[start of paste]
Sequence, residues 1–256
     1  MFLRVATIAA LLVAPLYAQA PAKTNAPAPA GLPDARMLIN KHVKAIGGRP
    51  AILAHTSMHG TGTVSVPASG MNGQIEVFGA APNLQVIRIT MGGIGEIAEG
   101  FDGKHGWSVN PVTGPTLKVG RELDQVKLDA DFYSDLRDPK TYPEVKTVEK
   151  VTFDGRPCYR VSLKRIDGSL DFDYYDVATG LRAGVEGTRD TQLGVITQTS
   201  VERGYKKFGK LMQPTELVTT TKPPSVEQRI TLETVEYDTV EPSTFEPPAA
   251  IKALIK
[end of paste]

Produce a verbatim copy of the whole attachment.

Sequence, residues 1–256
     1  MFLRVATIAA LLVAPLYAQA PAKTNAPAPA GLPDARMLIN KHVKAIGGRP
    51  AILAHTSMHG TGTVSVPASG MNGQIEVFGA APNLQVIRIT MGGIGEIAEG
   101  FDGKHGWSVN PVTGPTLKVG RELDQVKLDA DFYSDLRDPK TYPEVKTVEK
   151  VTFDGRPCYR VSLKRIDGSL DFDYYDVATG LRAGVEGTRD TQLGVITQTS
   201  VERGYKKFGK LMQPTELVTT TKPPSVEQRI TLETVEYDTV EPSTFEPPAA
   251  IKALIK